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Combat Heroin campaign’s videos to air in theaters

Coming attractions will take on more importance during the holiday season.

A series of new public service announcements across New York State aimed at quashing the opiate epidemic are set to be shown in movie theaters, Gov. Andrew M. Cuomo announced Friday.

It is part of the state’s ongoing Combat Heroin campaign, which has reached more than 14 million people through social media to date, state officials said.

In an effort to reach an even broader audience, 10 new “Real Story” videos will be shown in theaters and posted on the state’s Combat Heroin website, The videos feature New Yorkers sharing their stories of recovery and describing the consequences of addiction for individuals and families.

“The Combat Heroin campaign is raising awareness and saving lives from the epidemic of drug abuse, and today we’re launching the next phase to continue making New Yorkers safe,” Cuomo said. “By using the stories of real New Yorkers who have struggled with heroin and other drugs, this campaign reminds us that addiction can happen to any family, and that we can all play a role in someone’s recovery. Together we can push back against heroin and prescription drug abuse, and I encourage anyone needing assistance in this fight to reach out today.”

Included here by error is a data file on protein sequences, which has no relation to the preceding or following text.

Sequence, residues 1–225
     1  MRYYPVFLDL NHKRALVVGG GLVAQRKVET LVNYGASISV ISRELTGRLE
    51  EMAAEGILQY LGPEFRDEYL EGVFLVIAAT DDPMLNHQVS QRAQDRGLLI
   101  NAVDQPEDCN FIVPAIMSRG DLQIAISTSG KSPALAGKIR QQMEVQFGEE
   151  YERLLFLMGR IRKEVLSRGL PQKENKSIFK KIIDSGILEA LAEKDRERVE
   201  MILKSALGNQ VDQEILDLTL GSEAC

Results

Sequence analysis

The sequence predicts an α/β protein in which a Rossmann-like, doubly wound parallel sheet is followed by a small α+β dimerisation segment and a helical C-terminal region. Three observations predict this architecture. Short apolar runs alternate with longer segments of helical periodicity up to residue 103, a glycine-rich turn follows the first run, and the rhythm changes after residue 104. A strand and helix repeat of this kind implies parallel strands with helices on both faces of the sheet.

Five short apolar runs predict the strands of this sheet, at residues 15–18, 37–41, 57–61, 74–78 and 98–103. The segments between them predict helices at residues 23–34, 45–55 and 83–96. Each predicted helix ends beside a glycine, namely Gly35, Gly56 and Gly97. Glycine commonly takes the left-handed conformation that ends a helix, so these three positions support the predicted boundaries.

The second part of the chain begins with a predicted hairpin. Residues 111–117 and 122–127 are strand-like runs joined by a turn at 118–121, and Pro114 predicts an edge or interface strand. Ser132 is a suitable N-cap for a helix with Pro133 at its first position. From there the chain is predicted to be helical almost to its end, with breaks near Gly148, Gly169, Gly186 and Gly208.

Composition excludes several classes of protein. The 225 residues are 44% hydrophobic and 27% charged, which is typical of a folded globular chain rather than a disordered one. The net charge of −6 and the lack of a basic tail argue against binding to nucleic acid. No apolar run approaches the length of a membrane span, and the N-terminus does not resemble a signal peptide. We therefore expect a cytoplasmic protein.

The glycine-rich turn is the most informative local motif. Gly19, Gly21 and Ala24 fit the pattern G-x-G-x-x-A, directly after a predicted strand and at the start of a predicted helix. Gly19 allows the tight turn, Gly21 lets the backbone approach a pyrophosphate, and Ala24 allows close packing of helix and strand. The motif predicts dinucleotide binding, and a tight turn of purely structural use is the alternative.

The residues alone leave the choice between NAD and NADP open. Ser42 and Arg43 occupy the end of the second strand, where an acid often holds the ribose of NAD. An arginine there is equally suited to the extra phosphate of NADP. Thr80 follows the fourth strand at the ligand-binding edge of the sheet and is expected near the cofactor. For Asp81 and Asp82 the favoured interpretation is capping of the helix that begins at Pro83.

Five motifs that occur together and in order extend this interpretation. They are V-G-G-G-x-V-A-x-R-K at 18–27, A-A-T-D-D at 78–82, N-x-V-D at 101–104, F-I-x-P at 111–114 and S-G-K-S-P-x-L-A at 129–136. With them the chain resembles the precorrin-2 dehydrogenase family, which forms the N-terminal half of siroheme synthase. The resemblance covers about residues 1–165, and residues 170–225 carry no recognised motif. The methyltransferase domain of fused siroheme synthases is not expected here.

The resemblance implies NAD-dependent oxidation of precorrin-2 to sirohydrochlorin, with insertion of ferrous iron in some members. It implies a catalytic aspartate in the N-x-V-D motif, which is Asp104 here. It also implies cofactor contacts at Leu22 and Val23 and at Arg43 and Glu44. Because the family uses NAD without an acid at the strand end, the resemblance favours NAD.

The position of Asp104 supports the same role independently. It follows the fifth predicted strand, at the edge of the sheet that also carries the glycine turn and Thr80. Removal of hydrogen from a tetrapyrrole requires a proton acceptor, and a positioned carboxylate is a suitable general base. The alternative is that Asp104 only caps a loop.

Arlene González-Sánchez, commissioner of the state’s Office of Alcoholism and Substance Abuse Services, added her voice in urging people to view the videos.

“I encourage all New Yorkers to point to these videos as you discuss the risks of addiction with your family and loved ones,” she said. “I can’t think of a better way to share the serious risks of addiction than to watch these first-hand accounts. I hope they inspire individuals, families, and communities to take advantage of the support that is available through addiction treatment providers across the state and the resources available on the Combat Heroin website.”

State residents can access prevention, treatment and recovery information on the website or by calling the state’s HOPEline at 1-877-846-7369. Also, treatment providers across the state can be found on the OASAS website: